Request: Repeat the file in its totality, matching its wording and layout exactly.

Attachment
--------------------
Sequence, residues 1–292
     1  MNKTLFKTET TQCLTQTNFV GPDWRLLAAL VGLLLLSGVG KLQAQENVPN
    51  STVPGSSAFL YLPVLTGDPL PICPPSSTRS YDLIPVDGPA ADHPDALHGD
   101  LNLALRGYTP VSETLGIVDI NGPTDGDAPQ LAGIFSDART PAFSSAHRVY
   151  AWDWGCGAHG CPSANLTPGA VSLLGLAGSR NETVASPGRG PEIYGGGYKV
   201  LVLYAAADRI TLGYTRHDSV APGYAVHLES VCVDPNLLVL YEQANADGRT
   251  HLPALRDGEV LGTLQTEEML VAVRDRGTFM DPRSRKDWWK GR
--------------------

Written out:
Sequence, residues 1–292
     1  MNKTLFKTET TQCLTQTNFV GPDWRLLAAL VGLLLLSGVG KLQAQENVPN
    51  STVPGSSAFL YLPVLTGDPL PICPPSSTRS YDLIPVDGPA ADHPDALHGD
   101  LNLALRGYTP VSETLGIVDI NGPTDGDAPQ LAGIFSDART PAFSSAHRVY
   151  AWDWGCGAHG CPSANLTPGA VSLLGLAGSR NETVASPGRG PEIYGGGYKV
   201  LVLYAAADRI TLGYTRHDSV APGYAVHLES VCVDPNLLVL YEQANADGRT
   251  HLPALRDGEV LGTLQTEEML VAVRDRGTFM DPRSRKDWWK GR